16 August 2002 17:02 [Source: ICIS news]
NEW YORK (CNI)--After a comatose start to the year, mergers and acquisitions (M&A) in the chemical industry are gradually picking up with the closing of several large deals and the announcement of the first acquisition of a public US chemical company in two years.
Portfolio restructuring continues to push some activity, while transaction multiples continue at historically low levels, making for a potential trough in the chemical M&A market.
After only $2bn (Euro2.04bn) in deals completed in the first quarter, the chemical industry saw $14bn in transactions in the second, according to Young & Partners, a New York City-based chemicals and life sciences investment banking firm. The first half tally of $16bn in completed deals was far below the $27bn recorded in the first half of 2001. However, it was a vast improvement from the second half of 2001, when only $8bn worth of deals took place.
The number of transactions over $25m in size in the first half fell to 29 from 48 in the year-ago period but was close to the 30 transactions completed in the latter half of 2001.
"The lag effect of September 11 and the global economic slowdown put a halt to many new M&A initiatives in the fall as management focused on their existing businesses," says Peter Young, president of Young & Partners. "That explains the very slow first quarter, but the overall slowdown has been due to the further retreat of strategic buyers from the market and the difficulty financial buyers are having borrowing money."
"There are a lot of busted auctions going on with a lot of properties up for sale falling by the wayside," says Telly Zachariades, senior managing director and head of global chemicals for Bear Stearns. "I don't see any improvement in the market from six months ago. It's not gotten any worse, but not any better either."
The difficult economic climate over the past couple of years has taken the air out of lofty M&A valuations achieved at the peak in late 1998 and 1999. Today, chemical industry M&A multiples are at historically low levels.
After reaching a peak of an average of 13.9x trailing EV/EBITDA (enterprise value/cash flow) for specialty chemical deals in 1999, multiples fell to 7.6x in 2001 and averaged 8.3x in the first half of 2002, according to Young & Partners. At the last trough in 1991, selling multiples also averaged 8.3x (see chart).
The dramatic decline in valuations is even more striking than the lower multiples suggest since EBITDA has also fallen significantly for many businesses since 1999.
DuPont, which recently announced plans to buy publicly-traded ChemFirst Inc. for $408m, is effectively paying just 7.1x 2001 EBITDA for the aniline and electronic chemicals operations.
Today's low M&A valuations are certainly hampering the sale of certain assets as sellers wait to sell another day. "Companies that are seeking to sell for strategic reasons rather than financial necessity are really just holding their ground," says Bear Stearns' Zachariades. "That's why we've seen so many busted auctions such as Georgia Pacific with Georgia-Pacific Resins and International Paper with Arizona Chemical. They've taken those assets off the block."
Another problem with low valuations is that even if a seller is seeking to raise cash to pay down debt, it may not help the company's financial profile. "If you're already levered with debt in excess of 5x to 6x EBITDA, selling an asset for 6x EBITDA doesn't do you a great deal of good," Zachariades points out. "If you have taxes to pay, you may have even weakened your balance sheet."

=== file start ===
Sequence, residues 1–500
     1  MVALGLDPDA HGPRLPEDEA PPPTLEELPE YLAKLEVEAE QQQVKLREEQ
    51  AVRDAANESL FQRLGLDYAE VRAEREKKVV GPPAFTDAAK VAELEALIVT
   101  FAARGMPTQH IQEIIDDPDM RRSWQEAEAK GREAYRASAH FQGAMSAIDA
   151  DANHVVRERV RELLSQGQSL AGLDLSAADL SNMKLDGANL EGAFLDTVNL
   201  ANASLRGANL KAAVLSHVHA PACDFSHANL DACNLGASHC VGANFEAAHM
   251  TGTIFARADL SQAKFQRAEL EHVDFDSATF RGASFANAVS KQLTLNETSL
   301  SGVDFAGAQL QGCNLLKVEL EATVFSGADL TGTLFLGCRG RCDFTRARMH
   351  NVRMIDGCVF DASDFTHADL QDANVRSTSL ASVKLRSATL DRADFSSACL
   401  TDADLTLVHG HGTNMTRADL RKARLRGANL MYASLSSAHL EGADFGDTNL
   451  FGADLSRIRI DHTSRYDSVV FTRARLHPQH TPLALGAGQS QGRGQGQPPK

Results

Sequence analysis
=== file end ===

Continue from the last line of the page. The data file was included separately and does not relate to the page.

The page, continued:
Strategic buyers have also pulled back on larger acquisitions, preferring to take on small to mid-sized bolt-on acquisitions (ones that fit their existing businesses).
"A lot of buyers got burned in the 1990s by venturing too far from their core businesses, so they're sticking very close to their core competencies," says Thomas Courtney, president of New York City-based merchant bank The Courtney Group. "Boards of directors have pulled in their horns, becoming much more conservative about what to do in this environment. We have a client that had asked us to help them pursue six acquisitions, but recently their board told them to hold off and fix some issues they have in their existing operations."
One of the biggest obstacles to getting deals done is the higher uncertainty of earnings forecasts, says Young & Partners' Young. "If you lose confidence in profit projections, it's tough to do a deal."
Accounting issues thrown into the mix could also have an impact on M&A activity. "On top of everything else, now you've got to start worrying about the quality of financials that you otherwise would have relied upon," notes Bear Stearns' Zachariades. "It's just another headache to worry about. Nobody needs too many excuses not to do a deal these days. They already have enough."
The outlook for chemical industry M&A remains subdued. "M&A valuations will continue to be weak in 2002 and we'll likely see continued moderate volume activity leading to around 60 deals by year end (versus around 80 for 1999, 2000 and 2001)," says Young & Partners' Young. "Acquirers will continue to focus on close strategic fits, and financial buyers will try to expand their role in the US and Europe if the availability of debt financing opens up."
"The M&A market is very much driven by the mentality of CEOs - on how confident they are in their own business," says Bear Stearns' Zachariades. "I don't see any change in that right now and I don't see any great change for the remainder of the year."
(For additional Chemical Market Reporter analysis visit the CMR Web site at: http://www.chemicalmarketreporter.com/.)
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